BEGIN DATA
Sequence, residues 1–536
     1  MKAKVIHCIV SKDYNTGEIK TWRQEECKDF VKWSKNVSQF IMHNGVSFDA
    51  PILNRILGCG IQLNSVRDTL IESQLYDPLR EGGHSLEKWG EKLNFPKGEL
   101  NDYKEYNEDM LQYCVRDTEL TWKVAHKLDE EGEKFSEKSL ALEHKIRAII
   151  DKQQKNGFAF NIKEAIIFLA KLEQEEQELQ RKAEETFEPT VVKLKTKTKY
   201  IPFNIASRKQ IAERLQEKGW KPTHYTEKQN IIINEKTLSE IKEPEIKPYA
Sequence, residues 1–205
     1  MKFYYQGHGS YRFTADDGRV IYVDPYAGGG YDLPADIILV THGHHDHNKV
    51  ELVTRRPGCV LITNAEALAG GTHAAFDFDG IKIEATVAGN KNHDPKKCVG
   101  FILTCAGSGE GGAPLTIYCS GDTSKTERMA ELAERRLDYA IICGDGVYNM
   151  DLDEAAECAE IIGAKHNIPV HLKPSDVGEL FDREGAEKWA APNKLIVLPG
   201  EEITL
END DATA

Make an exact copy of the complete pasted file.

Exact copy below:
Sequence, residues 1–536
     1  MKAKVIHCIV SKDYNTGEIK TWRQEECKDF VKWSKNVSQF IMHNGVSFDA
    51  PILNRILGCG IQLNSVRDTL IESQLYDPLR EGGHSLEKWG EKLNFPKGEL
   101  NDYKEYNEDM LQYCVRDTEL TWKVAHKLDE EGEKFSEKSL ALEHKIRAII
   151  DKQQKNGFAF NIKEAIIFLA KLEQEEQELQ RKAEETFEPT VVKLKTKTKY
   201  IPFNIASRKQ IAERLQEKGW KPTHYTEKQN IIINEKTLSE IKEPEIKPYA
Sequence, residues 1–205
     1  MKFYYQGHGS YRFTADDGRV IYVDPYAGGG YDLPADIILV THGHHDHNKV
    51  ELVTRRPGCV LITNAEALAG GTHAAFDFDG IKIEATVAGN KNHDPKKCVG
   101  FILTCAGSGE GGAPLTIYCS GDTSKTERMA ELAERRLDYA IICGDGVYNM
   151  DLDEAAECAE IIGAKHNIPV HLKPSDVGEL FDREGAEKWA APNKLIVLPG
   201  EEITL